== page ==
Interdisciplinary artist Amy Hood is back with a new project exploring the thin line between our ideal and authentic selves.
For years, NYC artist Amy Hood heard the same thing; “You should do a self-portrait.” But she knew this wasn’t what people were really suggesting. “What they wanted weren’t images of my self,” Hood writes in the essay accompanying This Is Not a Self-Portrait. “What they wanted were pictures of a persona I wasn’t most of the time.”
With photo book This Is Not a Self-Portrait and analogue collectable The Personascope, Amy is, ironically, giving the people what they want. Critically deconstructing the notion of the “self-portrait” she depicts herself as an aestheticised, idealised female figure — and in doing so, gestures towards new ways of engaging with our “self-portrait”- saturated, Instagram-reliant culture.
Below, we catch up with Amy about social media, the changing role of photography and whether there’s even an “authentic self” to begin with.
Good to meet you, Amy, I’d love to hear a bit more about your project “This Is Not A Self-Portrait”. Why did you choose that title?
It refers to the fact that people are more than meets the eye and that persona does not equate to the entirety of oneself. The full title is; “I took the pictures, but this is not a self-portrait.” It’s something of an anti-self-portrait, an inverse reflection that analyses and also echoes larger cultural syndromes. As a project, it marries my process, the devices I invent, and the whole journey behind them and utilises that collected thought to communicate a more comprehensive representation of my “self” than just a photograph of me. It also serves as a transitional piece that bridges my history of work with the new realm that I’m creating.
Interesting, I think there’s a lot in there that we can unpack. Before we start talking more broadly about themes, could you talk us through the “Personascope” you use in the project is?
The Personascope is an analogue interactive device, which—with a sprinkling of irony—places my own persona in a box on display, under a microscope, both an amplification of the hyper-voyeuristic tendencies of the modern microcosm and an encouragement to the viewer to interact with and examine further past the surface. It’s an instrument of concept, part of a platform communicating an idea.
You mention hyper-voyeurism, which I’d associate with social media. With the influence of social media, individuals have come under fire for projecting a version of themselves divorced from reality — but do you think there really is an “authentic self”?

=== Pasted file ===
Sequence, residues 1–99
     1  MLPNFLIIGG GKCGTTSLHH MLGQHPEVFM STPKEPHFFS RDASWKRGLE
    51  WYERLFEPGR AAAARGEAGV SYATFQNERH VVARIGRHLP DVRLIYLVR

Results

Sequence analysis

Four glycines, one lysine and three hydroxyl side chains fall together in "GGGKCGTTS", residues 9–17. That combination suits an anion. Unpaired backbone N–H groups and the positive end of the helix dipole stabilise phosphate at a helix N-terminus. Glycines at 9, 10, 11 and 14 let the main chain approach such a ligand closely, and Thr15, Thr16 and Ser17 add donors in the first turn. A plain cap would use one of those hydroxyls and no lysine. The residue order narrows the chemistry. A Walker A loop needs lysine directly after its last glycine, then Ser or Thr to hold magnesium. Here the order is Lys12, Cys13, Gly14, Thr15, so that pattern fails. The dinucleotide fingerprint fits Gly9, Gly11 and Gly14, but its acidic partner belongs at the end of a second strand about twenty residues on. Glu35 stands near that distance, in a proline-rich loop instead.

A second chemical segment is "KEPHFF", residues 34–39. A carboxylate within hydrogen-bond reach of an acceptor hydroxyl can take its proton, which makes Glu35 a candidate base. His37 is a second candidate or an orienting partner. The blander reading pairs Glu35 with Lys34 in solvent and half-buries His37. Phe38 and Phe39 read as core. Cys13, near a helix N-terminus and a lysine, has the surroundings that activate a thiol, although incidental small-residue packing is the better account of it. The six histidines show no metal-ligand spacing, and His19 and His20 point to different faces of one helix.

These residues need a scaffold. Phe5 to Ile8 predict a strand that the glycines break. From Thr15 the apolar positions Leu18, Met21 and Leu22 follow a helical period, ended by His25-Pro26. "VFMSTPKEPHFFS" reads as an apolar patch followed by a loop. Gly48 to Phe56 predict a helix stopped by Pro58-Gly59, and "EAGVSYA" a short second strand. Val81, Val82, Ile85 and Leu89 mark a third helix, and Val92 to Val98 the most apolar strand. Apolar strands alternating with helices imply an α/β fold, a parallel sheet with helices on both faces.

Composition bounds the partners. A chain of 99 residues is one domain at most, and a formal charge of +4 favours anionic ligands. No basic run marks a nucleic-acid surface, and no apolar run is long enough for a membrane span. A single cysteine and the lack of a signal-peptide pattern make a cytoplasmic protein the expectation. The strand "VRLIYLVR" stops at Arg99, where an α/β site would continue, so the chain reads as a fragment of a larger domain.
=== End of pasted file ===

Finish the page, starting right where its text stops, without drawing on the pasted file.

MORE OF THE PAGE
I’ve thought about this question a lot, both in and out of the context of social media, about what defines us as our individual entities. About what it means to have an independent or original thought. It can be difficult to navigate how we feel as individuals when we are so continuously fed all these little bits of information.
Metaphysically speaking, what I would identify as the self and the individual is every memory and every dream and every interaction and every neural synapse that one has—in addition to their own vessel (body) and circumstance—which is in a state of constant growth and change. Given all of these variables, I would say that there is certainly some degree of authenticity to everyone, but how authentic may be more of a decision, the decision of how much you choose to tune in to your real self and stand by or act from that.
In some ways, the projection is an extension of the individual but flattened. With the flicker of an image, there’s bound to be a departure from the source information intellectually, sensorily, and otherwise. When going from 3D or 4D to 2D or, like, 2D and perhaps warped, there’s a dissonance. There is an entire sequence of events that leads up to a single moment and instead of seeing just the moment, maybe contemplating all of the parts that lead up to it could yield some interesting insights.
How should the general public change the way they interact with images online?
If anything, our interaction with the digital world is something to take into consideration. Maybe the intention with this project is partially to inspire more inquiry in terms of the relationship we have as individuals viewing the images, the reactions they cause within us, the way they affect our interactions with each other. What does living digitally co-existent mean? How do we want it to benefit our lives and what consequences might it have? Personally, I can feel overwhelmed by the amount of content and imagery. But for me, that just means taking time offline again and I think that’s an important practice to have.
In what ways do you think social media platform like Instagram has changed the status of photographers?
It’s certainly broadened the use of the term “photographer.” To some degree, there are definitely instances that trivialise the art form. There are lots of “photographers” shooting iPhone pix of hot chicks, who get work, and notoriety even, who have little to no knowledge of the art form itself or of its history nor are motivated to make particularly interesting work. But there’s also a level of entrepreneurship that comes with the ease of the platform in what was previously a pretty exclusive industry to hack. More people are able to share their voice or vision and I think that can be a beautiful thing.
Like what you see? You can follow Amy Hood on Instagram.
21 July 2020